## 3.7 Exercises

1. For the following series, find an appropriate Box-Cox transformation in order to stabilize the variance.

• usnetelec
• usgdp
• mcopper
• enplanements
2. Why is a Box-Cox transformation unhelpful for the cangas data?

3. What Box-Cox transformation would you select for your retail data (from Exercise 3 in Section 2.10)?

4. Calculate the residuals from a seasonal naïve forecast applied to the quarterly Australian beer production data from 1992. The following code will help.

beer <- window(ausbeer, start=1992)
fc <- snaive(beer)
autoplot(fc)
res <- residuals(fc)
autoplot(res)

Test if the residuals are white noise and normally distributed.

checkresiduals(fc)

What do you conclude?

5. Repeat the exercise for the WWWusage and bricksq data. Use whichever of naive or snaive is more appropriate in each case.

1. Good forecast methods should have normally distributed residuals.
2. A model with small residuals will give good forecasts.
3. The best measure of forecast accuracy is MAPE.
4. If your model doesn’t forecast well, you should make it more complicated.
5. Always choose the model with the best forecast accuracy as measured on the test set.
7. For your retail time series (from Exercise 3 in Section 2.10):

1. Split the data into two parts using

x1 <- window(myts, end=c(2010,12))
x2 <- window(myts, start=2011)
2. Check that your data have been split appropriately by producing the following plot.

autoplot(cbind(x1,x2))
3. Calculate forecasts using snaive applied to x1.

4. Compare the accuracy of your forecasts against the actual values stored in x2.

f1 <- snaive(x1)
accuracy(f1,x2)
5. Check the residuals.

checkresiduals(f1)

Do the residuals appear to be uncorrelated and normally distributed?

6. How sensitive are the accuracy measures to the training/test split?

8. vn contains quarterly visitor nights (in millions) from 1998-2015 for eight regions of Australia.

1. Use window() to create three training sets for vn[,"Melbourne"], omitting the last 1, 2 and 3 years; call these train1, train2, and train3, respectively. For example train1 <- window(vn[, "Melbourne"], end = c(2014, 4)).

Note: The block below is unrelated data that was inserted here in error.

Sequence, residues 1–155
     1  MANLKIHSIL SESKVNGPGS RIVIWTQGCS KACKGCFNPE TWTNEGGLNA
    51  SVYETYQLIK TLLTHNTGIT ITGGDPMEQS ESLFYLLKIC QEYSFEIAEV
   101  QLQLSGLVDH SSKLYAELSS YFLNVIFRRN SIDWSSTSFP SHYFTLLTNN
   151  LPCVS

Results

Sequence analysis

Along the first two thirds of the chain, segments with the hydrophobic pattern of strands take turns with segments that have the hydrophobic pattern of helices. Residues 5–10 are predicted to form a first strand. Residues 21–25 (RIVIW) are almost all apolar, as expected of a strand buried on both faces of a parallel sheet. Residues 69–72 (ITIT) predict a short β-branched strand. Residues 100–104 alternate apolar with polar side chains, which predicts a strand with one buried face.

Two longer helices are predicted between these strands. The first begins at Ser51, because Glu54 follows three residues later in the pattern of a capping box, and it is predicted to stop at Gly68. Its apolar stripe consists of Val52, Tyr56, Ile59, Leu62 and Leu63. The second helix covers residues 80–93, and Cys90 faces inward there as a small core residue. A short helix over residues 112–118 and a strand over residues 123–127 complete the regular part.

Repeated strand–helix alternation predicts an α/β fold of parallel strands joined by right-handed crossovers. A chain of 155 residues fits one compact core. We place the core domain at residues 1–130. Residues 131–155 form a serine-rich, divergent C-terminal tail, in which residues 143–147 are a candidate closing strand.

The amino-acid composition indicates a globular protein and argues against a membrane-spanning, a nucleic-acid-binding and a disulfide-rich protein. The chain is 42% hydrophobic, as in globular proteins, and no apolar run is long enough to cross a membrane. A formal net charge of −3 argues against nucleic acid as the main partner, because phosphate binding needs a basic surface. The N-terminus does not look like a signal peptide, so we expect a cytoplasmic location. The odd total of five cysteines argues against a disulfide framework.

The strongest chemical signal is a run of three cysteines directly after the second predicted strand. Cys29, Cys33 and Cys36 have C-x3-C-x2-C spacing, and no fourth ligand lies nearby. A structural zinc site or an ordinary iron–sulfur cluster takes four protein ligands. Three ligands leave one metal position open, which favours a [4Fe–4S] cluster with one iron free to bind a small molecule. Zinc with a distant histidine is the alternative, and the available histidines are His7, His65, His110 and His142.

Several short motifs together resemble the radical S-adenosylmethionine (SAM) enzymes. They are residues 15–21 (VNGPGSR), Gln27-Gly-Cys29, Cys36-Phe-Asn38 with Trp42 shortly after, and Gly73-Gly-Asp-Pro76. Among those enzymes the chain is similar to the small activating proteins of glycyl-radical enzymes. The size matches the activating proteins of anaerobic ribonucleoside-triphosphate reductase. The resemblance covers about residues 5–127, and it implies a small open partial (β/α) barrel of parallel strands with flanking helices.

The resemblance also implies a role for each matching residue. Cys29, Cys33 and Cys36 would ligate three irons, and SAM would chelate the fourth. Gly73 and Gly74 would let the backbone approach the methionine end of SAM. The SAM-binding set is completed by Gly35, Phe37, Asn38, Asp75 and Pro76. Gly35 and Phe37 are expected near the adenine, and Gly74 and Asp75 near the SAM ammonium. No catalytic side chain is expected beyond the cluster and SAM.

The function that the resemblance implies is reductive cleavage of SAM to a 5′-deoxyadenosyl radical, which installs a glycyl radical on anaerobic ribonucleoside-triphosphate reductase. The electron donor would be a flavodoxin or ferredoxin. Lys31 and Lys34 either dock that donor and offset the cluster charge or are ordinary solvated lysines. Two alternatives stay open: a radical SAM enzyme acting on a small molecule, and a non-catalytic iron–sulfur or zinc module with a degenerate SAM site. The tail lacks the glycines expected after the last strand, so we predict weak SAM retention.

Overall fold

2. Compute one year of forecasts for each training set using the snaive() method. Call these fc1, fc2 and fc3, respectively.

3. Use accuracy() to compare the MAPE over the three test sets. Comment on these.

9. Use the Dow Jones index (data set dowjones) to do the following:

1. Produce a time plot of the series.
2. Produce forecasts using the drift method and plot them.
3. Show that the forecasts are identical to extending the line drawn between the first and last observations.
4. Try using some of the other benchmark functions to forecast the same data set. Which do you think is best? Why?
10. Consider the daily closing IBM stock prices (data set ibmclose).

1. Produce some plots of the data in order to become familiar with it.
2. Split the data into a training set of 300 observations and a test set of 69 observations.
3. Try using various benchmark methods to forecast the training set and compare the results on the test set. Which method did best?
4. Check the residuals of your preferred method. Do they resemble white noise?
11. Consider the sales of new one-family houses in the USA, Jan 1973 – Nov 1995 (data set hsales).

1. Produce some plots of the data in order to become familiar with it.
2. Split the hsales data set into a training set and a test set, where the test set is the last two years of data.
3. Try using various benchmark methods to forecast the training set and compare the results on the test set. Which method did best?
4. Check the residuals of your preferred method. Do they resemble white noise?